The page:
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[This article was edited on June 7, 2018]

The Construction Lien Act amendments will begin to take effect July 1, 2018. Hailing big changes to timelines, procedures and the manner in which many disputes will be resolved, the new legislation includes a gradual transition to help you avoid a misapplication of the new provisions.

Among the most immediate changes is the extension of the timelines to preserve and perfect liens. Long the bane of lawyers and contractors alike, the time to preserve a lien is extended from 45 to 60 days and to perfect a lien from 45 to 90 days. Other notable changes coming into force July 1, 2018 include:

  • lien claims and trust claims can now be joined in an action;
  • appeals from interlocutory orders are now permitted but only with leave;
  • increased maximum for security for costs from $50,000 to $250,000 on payment into court;
  • new contractors’ and sub-contractors’ duties to account for trust funds, hold a bank account and keep records; and
  • new requirement for owners to provide notice in the case of any non-payment of holdback, e.g., for set-off claim.

Charges effective October 1, 2019

Other big changes do not come into force until October 1, 2019: they include the introduction of an adjudication framework and prompt payment provisions.

Which Act Applies?

It must be stressed that the transition to the Construction Act will be gradual. The transition rules, which are set out under section 87.3 of the Construction Act, state that the Construction Lien Act (and hence its provisions) continue to apply if the contract for the improvement was entered into, the procurement process was commenced, or a lease concerning the premises was first entered into before July 1, 2018.

What does this mean for existing construction?

No existing construction work or projects will be subject to the new regime under the Construction Act. Even projects only at a bidding or “request for proposal” stage at any time prior to July 1, 2018 will remain under the old Construction Lien Act.

The transition could be especially gradual for work done on leased premises, since if the lease was first entered into prior to July 1, 2018, the Construction Lien Act will continue to apply which, for leases with numerous renewals, could very well be for years to come.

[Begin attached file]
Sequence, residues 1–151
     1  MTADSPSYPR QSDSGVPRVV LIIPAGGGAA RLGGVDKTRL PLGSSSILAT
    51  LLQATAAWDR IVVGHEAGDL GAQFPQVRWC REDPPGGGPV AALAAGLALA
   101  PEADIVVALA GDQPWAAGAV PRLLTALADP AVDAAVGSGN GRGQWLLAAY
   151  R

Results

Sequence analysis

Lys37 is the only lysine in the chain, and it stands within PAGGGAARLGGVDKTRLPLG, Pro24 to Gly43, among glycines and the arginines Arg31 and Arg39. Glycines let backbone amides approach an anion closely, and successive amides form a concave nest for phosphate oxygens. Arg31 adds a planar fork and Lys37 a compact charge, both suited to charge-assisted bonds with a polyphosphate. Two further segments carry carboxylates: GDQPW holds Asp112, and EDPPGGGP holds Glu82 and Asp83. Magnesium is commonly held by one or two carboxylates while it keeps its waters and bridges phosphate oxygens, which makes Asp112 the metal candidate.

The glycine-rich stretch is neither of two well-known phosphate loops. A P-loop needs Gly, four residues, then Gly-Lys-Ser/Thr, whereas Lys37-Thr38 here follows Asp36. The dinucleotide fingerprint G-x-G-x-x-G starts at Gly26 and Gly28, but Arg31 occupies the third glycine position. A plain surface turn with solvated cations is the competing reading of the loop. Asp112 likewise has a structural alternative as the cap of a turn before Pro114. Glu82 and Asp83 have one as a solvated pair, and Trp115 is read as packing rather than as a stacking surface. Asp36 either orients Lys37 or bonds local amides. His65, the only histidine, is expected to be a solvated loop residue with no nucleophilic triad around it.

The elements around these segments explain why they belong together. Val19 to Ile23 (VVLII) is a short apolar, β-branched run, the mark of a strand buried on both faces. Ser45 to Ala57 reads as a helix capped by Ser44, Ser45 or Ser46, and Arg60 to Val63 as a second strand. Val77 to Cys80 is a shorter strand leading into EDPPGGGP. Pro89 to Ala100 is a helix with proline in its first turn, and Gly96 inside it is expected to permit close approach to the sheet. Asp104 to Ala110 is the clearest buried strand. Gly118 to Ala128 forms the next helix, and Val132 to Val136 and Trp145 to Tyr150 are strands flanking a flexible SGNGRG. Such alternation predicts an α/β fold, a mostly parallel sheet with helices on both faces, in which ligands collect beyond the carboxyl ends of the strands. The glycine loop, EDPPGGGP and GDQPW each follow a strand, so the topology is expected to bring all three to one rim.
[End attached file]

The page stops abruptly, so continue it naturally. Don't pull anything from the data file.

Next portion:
Risk Management

This gradual transition framework means that lawyers should take a cautious approach to the application of the new Construction Act. For example, reliance on the longer time periods to preserve and protect liens under the Construction Act could prove fatal to a client’s lien rights if the improvement is subject to the old legislation.

When in doubt, preserve and perfect within the shorter Construction Lien Act timelines in order to avoid potential expiry of the lien.

In light of the importance of the transition rules, it is not surprising that the Toronto Construction Lien Masters have issued a notice to the construction bar outlining that evidence will be required when applying the transition provisions. This will mean, for example, that in relying on any provision of the new Construction Act, counsel will be required to demonstrate that neither the contract for the improvement nor the procurement process, was entered into or commenced prior to July 1, 2018 AND that the improvement does not relate to premises that are subject to a leasehold interest in which the lease was first entered into before July 1, 2018.

In summary, the process of replacing the Construction Lien Act with the new Construction Act commences on July 1, 2018 when most of the new legislation comes into force. However, as a result of the transition rules in section 87.3 of the Construction Act, the old Construction Lien Act will continue to be applied for potentially many more years to come.

Martine M. Morin, Senior Claims Counsel, LAWPRO
Brendan Bowles, Glaholt LLP

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